With Tár screening at Plymouth Arts Cinema this week, Helen Tope takes a deep dive into classical music in cinema.
Dramatic swathes of score, larger-than-life personalities – it’s little wonder that cinema has repeatedly turned to classical music for inspiration. While it is hard to imagine Brief Encounter without the romantic swell of Rachmaninov’s Piano Concerto No.2, or A Clockwork Orange without the incongruous insertion of Rossini’s William Tell Overture, where it gets really interesting is when film decides to examine the creators and interpreters of the classical world.
Getting into the mechanics of classical music is tricky, but by leaning into biography, we have a way in. Historically, Hollywood favours the romanticised biopic; while independent film-makers have opted for a stripped-back approach. There are plenty of examples from both camps: a medium that demands virtuosity makes for great cinema. With the drama already built in, what is left to the film-maker is to tell the story.
The Romanticised Biopic: Amadeus (1984); Immortal Beloved (1994)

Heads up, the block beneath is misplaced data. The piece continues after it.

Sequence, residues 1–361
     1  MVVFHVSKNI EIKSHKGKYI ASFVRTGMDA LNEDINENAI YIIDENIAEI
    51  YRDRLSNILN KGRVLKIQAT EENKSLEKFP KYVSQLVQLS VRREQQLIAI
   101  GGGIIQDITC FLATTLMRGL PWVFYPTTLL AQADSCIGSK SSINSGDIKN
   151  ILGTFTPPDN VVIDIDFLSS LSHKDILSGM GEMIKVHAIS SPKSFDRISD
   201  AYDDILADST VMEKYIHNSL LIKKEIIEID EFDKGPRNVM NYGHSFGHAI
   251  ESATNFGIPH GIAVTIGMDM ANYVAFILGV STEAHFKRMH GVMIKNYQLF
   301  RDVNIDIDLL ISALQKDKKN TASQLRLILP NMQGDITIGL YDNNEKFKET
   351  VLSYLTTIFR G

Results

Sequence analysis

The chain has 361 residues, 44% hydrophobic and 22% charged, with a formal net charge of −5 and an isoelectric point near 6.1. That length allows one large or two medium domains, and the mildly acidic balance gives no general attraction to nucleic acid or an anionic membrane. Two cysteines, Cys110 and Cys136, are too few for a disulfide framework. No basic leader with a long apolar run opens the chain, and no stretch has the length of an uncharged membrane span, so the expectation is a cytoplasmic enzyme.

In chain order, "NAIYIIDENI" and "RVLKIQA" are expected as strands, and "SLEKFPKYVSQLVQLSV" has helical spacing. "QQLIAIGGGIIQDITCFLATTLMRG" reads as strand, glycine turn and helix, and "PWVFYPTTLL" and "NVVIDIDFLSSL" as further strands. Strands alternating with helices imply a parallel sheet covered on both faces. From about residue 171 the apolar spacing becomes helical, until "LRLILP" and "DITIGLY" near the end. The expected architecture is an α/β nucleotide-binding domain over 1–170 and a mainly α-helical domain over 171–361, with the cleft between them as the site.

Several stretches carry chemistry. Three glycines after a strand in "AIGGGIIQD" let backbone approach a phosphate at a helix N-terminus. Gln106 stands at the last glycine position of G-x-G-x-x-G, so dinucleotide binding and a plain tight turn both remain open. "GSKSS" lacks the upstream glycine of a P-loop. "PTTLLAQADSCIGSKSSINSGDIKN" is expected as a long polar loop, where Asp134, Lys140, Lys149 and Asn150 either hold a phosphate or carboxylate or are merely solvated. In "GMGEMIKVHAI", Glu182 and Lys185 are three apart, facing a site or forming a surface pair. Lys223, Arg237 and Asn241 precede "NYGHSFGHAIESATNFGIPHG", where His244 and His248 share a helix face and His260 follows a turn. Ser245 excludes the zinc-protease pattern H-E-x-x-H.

Taking on the heavy hitters, Amadeus and Immortal Beloved illustrate pressure points within the lives of composers Mozart and Beethoven. Peter Shaffer’s sell-out play, Amadeus, detailing the meteoric rise (and fall) of Mozart, translated into a big-screen, Oscar-grabbing win. The film famously takes some licence with Mozart’s character: Tom Hulce’s giggling, juvenile persona – seemingly crafting concertos for the Gods while going heavy on the fart gags – is at odds with the real Mozart who worked long and hard; his talent giving the impression of effortlessness. The story is framed through the narration of Mozart’s contemporary, Antonio Salieri (a career-best performance from F. Murray Abraham). Salieri’s feverish jealousy steers him to obsession and madness. While Milos Forman’s film lovingly recreates an opulent, 18th century Vienna, Amadeus’ link with biographical accuracy is tenuous to say the least. The depiction of Salieri as an embittered rival is enjoyable to watch, but Salieri was not a mediocrity, and the film’s popularity even saw a revival of interest in his music. Where the film lets the music take over, it becomes poetry, showing us the extent of Mozart’s range. His distinctly unromantic death; a streptococcal infection at the age of 35, clouds the third act, and it is this unsettling chain of events that gives the film much needed edge.